This one is long — crazy long — so I’m putting some housekeeping at the top before I lose you, dear reader.
And thanks to Jason and his brilliant and lovely wife Ari for encouraging me to get out to Pantheacon this year, and for hospitality after the con. My next scheduled events are the Free Spirit Gathering (my home event, where I’ll be Mastering the Ceremonies once again) in June in Maryland, and Starwood (where I’ve been invited to present, details TBD) in July in Ohio.
Pantheacon shout-outs also go to the friendly folks I met from OBOD and ADF, Clifford Hartleigh Low and the Green Fairy folks, Sabrina, Jesamyn, Angus, Chris Chandler (now that was an unexpected meeting), and everyone who came to my workshop or bought my book or applauded my music at the Bardic Circle. And the hard-working con staff. Thanks all for making me feel welcome.
And thanks to Mark Green and John Halstead and the other folks at the Atheopagan talk which inspired this week’s topic. And now, on with the show…
I have been confidently identifying myself both as an “atheist” and a “Pagan” (among other labels) since at least 1997. Maybe longer, but that’s as far back in my e-mail archives that I can find myself stating it explicitly.
In the spaces that I frequented in those days, it was not a controversial stance. My real-world Pagan community was my own eclectic circle where we had Christo-Pagans and self-initiated Wiccans and folks into Druid stuff and I was throwing in bits of Taoism and Zen — who was going to argue?
On-line, we had the net but the web hadn’t become a big thing yet. Most of us were still on dial-up and blogs were still years away. We didn’t even have MySpace yet, let alone Facebook and Twitter. USENET newsgroups and private mailing lists were where the important discussions happened, and regularly posted FAQ (“Frequently Asked Questions”) documents were important works of the on-line culture.
And that culture was still weighted towards programmers, engineers, and scientists. We were still griping about “The September That Never Ended”, when AOL suddenly let a bunch of non-technical people into our party.
So the “Frequently Asked Questions about Neopaganism” written by hacker Eric S. Raymond had some authority with on-line Pagans. It stated: “[M]any neopagans are philosophical agnostics or even atheists; there is a tendency to regard `the gods’ as Jungian archetypes or otherwise in some sense created by and dependent on human belief, and thus naturally plural and observer-dependent.”[Raymond, “Neopagan”]
(Raymond — or ESR, as we hackers know him — was a Wiccan priest at one point, and also a devotee of Zen, so his 1995 essay-length spiritual autobiography “Dancing With the Gods”,[Raymond, “Dancing”] is an excellent read for Zen Pagans. Unfortunately he sort of went nuts after 9/11, falling into paranoid conspiracy theories, Islamophobia, and climate change denialism; [Raymond, “Why”; “Eric S. Raymond”; “#1054…”] my citation of his older work here is most definitely not an endorsement of this more recent batshit craziness. May he be healed.)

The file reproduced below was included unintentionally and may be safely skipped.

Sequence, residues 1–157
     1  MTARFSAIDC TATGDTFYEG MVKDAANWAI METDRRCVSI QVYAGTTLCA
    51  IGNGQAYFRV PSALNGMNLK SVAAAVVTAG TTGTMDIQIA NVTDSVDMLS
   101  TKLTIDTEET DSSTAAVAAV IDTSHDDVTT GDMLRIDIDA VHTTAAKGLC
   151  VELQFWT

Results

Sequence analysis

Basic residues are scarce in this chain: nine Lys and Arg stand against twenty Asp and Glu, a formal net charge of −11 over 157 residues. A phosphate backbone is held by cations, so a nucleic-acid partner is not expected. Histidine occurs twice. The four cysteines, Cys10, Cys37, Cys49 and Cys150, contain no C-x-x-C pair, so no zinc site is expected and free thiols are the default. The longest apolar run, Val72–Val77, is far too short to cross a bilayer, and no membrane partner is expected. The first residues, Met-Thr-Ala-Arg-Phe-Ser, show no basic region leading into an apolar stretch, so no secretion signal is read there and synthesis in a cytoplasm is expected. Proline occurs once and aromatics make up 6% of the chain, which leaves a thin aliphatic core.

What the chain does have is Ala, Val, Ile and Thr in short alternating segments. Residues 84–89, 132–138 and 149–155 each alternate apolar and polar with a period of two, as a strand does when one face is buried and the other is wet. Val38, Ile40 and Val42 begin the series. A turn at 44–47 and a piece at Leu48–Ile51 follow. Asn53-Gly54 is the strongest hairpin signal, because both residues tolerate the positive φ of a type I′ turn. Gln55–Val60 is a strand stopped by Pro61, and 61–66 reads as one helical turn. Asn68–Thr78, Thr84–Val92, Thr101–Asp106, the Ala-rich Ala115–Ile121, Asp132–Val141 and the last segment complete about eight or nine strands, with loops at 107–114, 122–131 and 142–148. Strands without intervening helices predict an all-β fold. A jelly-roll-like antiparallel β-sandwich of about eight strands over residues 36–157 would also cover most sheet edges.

I got no push-back on my “Pagan atheist” identification more severe than an occasional raised eyebrow — and even those mostly came from Christians upset at my double heresy.
“Pagan” and “atheist” have both been part of my presenter bio for about thirty-five events (counting each year’s edition of annual ones separately) spread over a decade and a half now. Neither the Pagan Police nor Atheist Agents have yet come to take me away.
I don’t know if times are changing, or if it’s an east coast/west coast thing, or something that’s mostly in the Pagan blogosphere. Or maybe also including “Zen” and “Taoist” and “Discordian” in that bio have made me seem non-threatening to people so I haven’t been drawn into the conflict. But when I made it out to PantheaCon recently and heard from such prominent atheist/humanist Pagans as Mark Green (of Atheopaganism fame) and John Halstead (The Allergic Pagan next door here at Patheos), I was surprised at some of the travails they related, people telling Pagan atheists that they are not valid Pagans.
In fact the intersection of atheism and Neopaganism goes back centuries. One root of the Neopagan movement was the poetry of British Romantics. Percy Bysshe Shelley was part of a social set that sought a replacement for Christianity and helped shape our Neopagan notions of the deities;[Hutton 23-25] he wrote of the “Sacred goddess, Mother Earth / Thou from whose immortal bosom / Gods and men and beasts have birth”,[Shelley] and once raised an altar to Pan and wrote of such worship as the “true religion”[quoted at Hutton, 25]. But he was also a devoted amateur scientist and was expelled from Oxford for writing a tract titled The Necessity of Atheism (He was also a vegetarian and an anarchist. I love this guy!)
As happy as I was to meet some other atheist Pagans, I was struck by something about the language that Mark Green uses. He speaks of a distinction between “believing…gods to exist in a literal sense” and seeing them as “meaningful metaphors”.[Green]
With all respect to Mark, I think that doesn’t quite catch it. Metaphor is a literary device, it’s something that we recognize intellectually. It seems to me weak tea for discussing the Shining Ones.
I think we need to look deeper and do some philosophy. To answer the question “Do the deities exist?”, we need to answer two questions, just two trivial little matters:
- What is a god?
- What does it mean to exist?
We have here two fundamental questions of theology and ontology that have had philosophers quibbling for thousands of years.
So, what the heck, there’s already so much gibberish on these topics that I don’t think I can make the problem any worse!